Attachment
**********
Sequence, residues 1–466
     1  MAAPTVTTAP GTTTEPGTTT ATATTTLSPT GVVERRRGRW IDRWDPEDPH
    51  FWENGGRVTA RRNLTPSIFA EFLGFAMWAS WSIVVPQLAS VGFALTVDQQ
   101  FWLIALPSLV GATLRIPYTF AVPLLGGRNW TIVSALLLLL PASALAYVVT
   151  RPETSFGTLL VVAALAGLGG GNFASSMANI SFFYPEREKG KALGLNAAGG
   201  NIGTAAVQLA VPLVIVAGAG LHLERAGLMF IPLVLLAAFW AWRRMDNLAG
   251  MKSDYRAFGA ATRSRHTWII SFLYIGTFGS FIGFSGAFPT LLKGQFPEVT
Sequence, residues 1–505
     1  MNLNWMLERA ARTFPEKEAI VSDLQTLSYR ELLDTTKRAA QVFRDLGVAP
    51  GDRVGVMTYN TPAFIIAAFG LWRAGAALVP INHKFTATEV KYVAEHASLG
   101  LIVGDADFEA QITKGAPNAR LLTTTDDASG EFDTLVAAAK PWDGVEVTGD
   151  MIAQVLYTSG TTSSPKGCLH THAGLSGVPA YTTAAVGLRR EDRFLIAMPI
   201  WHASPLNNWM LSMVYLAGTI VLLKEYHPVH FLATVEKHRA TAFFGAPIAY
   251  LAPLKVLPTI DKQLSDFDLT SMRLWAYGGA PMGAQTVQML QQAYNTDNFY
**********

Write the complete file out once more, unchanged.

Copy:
Sequence, residues 1–466
     1  MAAPTVTTAP GTTTEPGTTT ATATTTLSPT GVVERRRGRW IDRWDPEDPH
    51  FWENGGRVTA RRNLTPSIFA EFLGFAMWAS WSIVVPQLAS VGFALTVDQQ
   101  FWLIALPSLV GATLRIPYTF AVPLLGGRNW TIVSALLLLL PASALAYVVT
   151  RPETSFGTLL VVAALAGLGG GNFASSMANI SFFYPEREKG KALGLNAAGG
   201  NIGTAAVQLA VPLVIVAGAG LHLERAGLMF IPLVLLAAFW AWRRMDNLAG
   251  MKSDYRAFGA ATRSRHTWII SFLYIGTFGS FIGFSGAFPT LLKGQFPEVT
Sequence, residues 1–505
     1  MNLNWMLERA ARTFPEKEAI VSDLQTLSYR ELLDTTKRAA QVFRDLGVAP
    51  GDRVGVMTYN TPAFIIAAFG LWRAGAALVP INHKFTATEV KYVAEHASLG
   101  LIVGDADFEA QITKGAPNAR LLTTTDDASG EFDTLVAAAK PWDGVEVTGD
   151  MIAQVLYTSG TTSSPKGCLH THAGLSGVPA YTTAAVGLRR EDRFLIAMPI
   201  WHASPLNNWM LSMVYLAGTI VLLKEYHPVH FLATVEKHRA TAFFGAPIAY
   251  LAPLKVLPTI DKQLSDFDLT SMRLWAYGGA PMGAQTVQML QQAYNTDNFY